In an Alert published today, Audrey Noll examines the Seventh Circuit’s recent decision in Official Comm. of Unsecured Creditors v. T.D. Invs. I, LLP (In re Great Lakes Quick Lube LP):
A landlord who terminates a lease before the tenant’s bankruptcy may later be found to have received a preferential or fraudulent transfer and held liable to the bankruptcy estate for the value of the lease, the U.S. Court of Appeals for the Seventh Circuit has ruled.
In light of the March 11 opinion by Judge Richard Posner in Official Comm. of Unsecured Creditors v. T.D. Invs. I, LLP (In re Great Lakes Quick Lube LP), landlords would be wise to think carefully before terminating a lease after their tenant defaults. If the tenant subsequently files for bankruptcy, the landlord might find itself subject to substantial liability as the recipient of an avoidable transfer.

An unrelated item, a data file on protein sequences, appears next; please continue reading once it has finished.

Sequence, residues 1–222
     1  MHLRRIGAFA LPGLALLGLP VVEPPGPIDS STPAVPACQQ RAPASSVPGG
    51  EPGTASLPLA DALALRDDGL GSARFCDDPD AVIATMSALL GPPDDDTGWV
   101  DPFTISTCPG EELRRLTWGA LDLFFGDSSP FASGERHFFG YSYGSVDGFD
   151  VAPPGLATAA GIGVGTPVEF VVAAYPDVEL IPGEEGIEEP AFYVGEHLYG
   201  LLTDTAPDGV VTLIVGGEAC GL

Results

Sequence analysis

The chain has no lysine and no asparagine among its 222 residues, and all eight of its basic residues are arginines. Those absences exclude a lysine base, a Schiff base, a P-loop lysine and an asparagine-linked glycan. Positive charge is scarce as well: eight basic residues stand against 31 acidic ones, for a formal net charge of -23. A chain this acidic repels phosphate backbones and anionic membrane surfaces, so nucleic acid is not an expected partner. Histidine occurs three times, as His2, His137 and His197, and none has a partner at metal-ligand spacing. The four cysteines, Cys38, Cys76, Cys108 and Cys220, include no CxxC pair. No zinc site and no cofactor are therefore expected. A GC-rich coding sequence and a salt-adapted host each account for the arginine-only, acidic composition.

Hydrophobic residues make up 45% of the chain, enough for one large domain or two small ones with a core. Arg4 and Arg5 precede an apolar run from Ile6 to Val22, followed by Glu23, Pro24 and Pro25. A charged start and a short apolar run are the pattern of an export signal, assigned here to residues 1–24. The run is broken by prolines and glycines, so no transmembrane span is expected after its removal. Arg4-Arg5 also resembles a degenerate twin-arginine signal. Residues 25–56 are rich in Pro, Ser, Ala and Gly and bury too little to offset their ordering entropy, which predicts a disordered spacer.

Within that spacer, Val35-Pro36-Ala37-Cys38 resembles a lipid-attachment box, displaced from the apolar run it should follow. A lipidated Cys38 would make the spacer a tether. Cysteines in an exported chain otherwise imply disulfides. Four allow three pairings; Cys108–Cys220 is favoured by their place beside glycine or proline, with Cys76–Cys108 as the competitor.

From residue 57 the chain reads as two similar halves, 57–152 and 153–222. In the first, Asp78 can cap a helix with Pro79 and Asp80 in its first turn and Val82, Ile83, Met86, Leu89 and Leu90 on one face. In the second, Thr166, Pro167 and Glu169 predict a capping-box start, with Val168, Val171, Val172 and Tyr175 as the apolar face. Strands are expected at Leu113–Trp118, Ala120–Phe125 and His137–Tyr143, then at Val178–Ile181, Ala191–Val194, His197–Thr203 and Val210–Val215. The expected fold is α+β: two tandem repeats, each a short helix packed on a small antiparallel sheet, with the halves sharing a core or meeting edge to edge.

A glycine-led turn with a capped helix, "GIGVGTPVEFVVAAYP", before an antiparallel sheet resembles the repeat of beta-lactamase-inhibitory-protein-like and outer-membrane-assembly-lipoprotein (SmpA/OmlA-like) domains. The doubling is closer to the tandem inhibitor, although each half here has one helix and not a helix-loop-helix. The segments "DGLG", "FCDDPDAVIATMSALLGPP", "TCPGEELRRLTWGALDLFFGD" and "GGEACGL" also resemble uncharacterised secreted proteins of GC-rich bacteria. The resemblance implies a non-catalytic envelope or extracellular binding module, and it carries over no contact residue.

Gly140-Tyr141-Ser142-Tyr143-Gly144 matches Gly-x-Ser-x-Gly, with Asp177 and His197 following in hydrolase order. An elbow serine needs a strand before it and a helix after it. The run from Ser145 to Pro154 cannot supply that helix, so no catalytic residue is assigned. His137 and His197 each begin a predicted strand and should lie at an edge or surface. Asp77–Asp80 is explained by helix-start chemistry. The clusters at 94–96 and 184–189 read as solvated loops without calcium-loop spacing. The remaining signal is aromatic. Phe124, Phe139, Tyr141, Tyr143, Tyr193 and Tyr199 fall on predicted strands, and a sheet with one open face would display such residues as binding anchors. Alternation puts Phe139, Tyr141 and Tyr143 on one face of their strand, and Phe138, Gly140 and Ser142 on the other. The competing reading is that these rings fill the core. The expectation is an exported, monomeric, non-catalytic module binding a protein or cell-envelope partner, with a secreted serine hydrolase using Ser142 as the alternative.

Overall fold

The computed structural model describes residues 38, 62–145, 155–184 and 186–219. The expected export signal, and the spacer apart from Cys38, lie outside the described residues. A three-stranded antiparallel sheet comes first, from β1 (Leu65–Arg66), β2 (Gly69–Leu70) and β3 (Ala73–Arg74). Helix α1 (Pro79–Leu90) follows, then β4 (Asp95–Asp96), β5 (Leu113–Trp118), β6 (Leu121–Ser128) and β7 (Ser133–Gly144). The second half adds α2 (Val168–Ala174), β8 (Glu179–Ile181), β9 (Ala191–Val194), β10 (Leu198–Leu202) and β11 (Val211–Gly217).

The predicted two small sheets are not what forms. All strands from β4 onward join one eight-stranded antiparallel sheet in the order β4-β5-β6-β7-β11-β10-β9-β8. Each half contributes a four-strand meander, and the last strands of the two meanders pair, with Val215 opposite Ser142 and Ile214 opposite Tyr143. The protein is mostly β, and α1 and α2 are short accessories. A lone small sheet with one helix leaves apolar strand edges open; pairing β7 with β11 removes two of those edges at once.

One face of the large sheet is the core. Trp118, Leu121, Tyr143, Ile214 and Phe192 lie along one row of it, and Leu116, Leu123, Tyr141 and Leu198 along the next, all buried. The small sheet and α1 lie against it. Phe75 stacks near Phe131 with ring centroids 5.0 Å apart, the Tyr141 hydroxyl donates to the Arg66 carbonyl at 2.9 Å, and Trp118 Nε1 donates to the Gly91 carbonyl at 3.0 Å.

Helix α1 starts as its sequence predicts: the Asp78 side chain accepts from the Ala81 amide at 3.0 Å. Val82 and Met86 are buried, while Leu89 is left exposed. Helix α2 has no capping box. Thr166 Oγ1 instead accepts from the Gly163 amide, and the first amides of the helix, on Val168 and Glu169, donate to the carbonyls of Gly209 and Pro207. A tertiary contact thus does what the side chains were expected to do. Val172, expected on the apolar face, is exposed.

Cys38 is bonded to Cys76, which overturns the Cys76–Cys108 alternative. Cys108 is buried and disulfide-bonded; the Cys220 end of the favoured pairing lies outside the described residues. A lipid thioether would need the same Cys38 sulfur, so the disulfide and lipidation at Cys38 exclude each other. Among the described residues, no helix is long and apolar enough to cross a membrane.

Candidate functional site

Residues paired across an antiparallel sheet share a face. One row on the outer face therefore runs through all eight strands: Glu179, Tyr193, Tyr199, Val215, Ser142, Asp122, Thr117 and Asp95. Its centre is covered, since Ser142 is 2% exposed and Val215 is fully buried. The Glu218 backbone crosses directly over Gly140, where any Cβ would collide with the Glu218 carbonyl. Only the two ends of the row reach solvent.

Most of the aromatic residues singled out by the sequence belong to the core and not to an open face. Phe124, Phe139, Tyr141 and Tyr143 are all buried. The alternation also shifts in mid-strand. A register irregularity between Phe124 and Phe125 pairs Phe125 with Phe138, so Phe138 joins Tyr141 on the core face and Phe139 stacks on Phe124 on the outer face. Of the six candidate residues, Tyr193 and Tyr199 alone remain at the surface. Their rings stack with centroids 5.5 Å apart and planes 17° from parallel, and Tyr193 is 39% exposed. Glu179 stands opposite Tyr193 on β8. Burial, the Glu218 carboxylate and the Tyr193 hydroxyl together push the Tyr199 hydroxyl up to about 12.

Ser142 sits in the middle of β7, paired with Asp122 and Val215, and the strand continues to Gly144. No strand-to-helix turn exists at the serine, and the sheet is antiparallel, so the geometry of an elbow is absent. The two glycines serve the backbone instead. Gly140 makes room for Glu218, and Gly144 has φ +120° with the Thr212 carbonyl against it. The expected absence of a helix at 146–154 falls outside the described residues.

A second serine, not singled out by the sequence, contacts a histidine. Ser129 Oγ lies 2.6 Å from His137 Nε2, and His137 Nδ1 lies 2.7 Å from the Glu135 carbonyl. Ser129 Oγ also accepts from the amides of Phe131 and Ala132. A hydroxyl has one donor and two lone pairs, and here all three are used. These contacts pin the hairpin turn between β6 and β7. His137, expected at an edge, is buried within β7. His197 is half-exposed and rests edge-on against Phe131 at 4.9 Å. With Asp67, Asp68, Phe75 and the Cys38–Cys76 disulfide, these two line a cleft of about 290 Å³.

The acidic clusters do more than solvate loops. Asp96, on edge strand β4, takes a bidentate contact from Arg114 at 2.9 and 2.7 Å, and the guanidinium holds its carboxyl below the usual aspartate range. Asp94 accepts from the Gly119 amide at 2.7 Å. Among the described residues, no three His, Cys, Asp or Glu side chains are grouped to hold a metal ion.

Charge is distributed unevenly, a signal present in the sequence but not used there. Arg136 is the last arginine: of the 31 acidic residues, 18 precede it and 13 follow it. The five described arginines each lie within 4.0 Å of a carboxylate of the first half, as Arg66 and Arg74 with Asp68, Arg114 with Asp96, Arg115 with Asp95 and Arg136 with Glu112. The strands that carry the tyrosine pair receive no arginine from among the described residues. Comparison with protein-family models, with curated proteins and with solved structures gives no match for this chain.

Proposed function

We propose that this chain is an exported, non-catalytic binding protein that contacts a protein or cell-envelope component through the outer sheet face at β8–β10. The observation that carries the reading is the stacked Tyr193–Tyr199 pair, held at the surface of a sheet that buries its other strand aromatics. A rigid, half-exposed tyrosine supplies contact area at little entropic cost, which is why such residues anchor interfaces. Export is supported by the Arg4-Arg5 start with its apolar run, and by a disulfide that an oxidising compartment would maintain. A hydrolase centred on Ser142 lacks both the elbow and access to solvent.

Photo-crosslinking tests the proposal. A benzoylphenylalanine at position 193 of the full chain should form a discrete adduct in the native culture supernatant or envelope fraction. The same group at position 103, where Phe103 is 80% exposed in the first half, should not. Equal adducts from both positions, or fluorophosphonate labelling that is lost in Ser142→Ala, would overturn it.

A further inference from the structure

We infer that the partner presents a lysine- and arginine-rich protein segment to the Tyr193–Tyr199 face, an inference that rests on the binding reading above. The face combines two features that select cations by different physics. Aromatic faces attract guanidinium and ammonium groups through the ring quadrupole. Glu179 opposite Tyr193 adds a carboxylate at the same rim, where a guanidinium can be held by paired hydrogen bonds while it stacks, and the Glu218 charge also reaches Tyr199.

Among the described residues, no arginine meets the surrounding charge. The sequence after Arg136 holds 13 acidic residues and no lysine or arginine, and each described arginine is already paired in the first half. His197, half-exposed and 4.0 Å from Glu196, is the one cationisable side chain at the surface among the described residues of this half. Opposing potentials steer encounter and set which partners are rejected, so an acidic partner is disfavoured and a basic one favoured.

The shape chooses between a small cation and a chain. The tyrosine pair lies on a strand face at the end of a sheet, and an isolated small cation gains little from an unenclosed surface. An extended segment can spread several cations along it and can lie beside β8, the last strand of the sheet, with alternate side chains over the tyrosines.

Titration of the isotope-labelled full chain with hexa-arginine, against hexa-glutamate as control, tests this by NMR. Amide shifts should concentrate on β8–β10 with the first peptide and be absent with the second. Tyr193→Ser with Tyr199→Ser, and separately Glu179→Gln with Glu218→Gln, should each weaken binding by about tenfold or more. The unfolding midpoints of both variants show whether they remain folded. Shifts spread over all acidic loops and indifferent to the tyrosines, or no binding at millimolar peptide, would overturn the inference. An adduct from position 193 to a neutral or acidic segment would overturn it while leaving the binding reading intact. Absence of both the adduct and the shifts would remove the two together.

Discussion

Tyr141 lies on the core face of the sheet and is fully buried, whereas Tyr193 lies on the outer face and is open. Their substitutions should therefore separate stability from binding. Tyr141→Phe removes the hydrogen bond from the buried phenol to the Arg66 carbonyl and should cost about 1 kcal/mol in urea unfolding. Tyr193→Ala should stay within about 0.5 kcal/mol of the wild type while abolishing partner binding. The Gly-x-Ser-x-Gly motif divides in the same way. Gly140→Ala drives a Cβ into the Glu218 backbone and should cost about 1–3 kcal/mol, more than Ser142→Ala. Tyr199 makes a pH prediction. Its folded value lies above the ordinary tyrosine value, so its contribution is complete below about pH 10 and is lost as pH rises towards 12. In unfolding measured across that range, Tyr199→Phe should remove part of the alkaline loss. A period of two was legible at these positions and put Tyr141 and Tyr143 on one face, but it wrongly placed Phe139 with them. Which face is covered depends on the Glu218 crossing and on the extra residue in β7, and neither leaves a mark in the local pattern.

The debtor in the case, Great Lakes Quick Lube LP (Great Lakes), had owned more than 100 oil change and auto maintenance stores throughout the Midwest. It typically bought a store, sold it to investors and then leased it from the new owners under a long-term contract. When its debts were mounting and bankruptcy was looming, Great Lakes agreed with one particularly difficult landlord (T.D.) to terminate two leases – even though the leased stores were profitable. The debtor filed for bankruptcy less than two months later.
To read Audrey’s full discussion of the Seventh Circuit’s ruling, please visit the Fox Rothschild website.
Audrey Noll is counsel in the firm’s Financial Restructuring & Bankruptcy Department, in its Las Vegas office.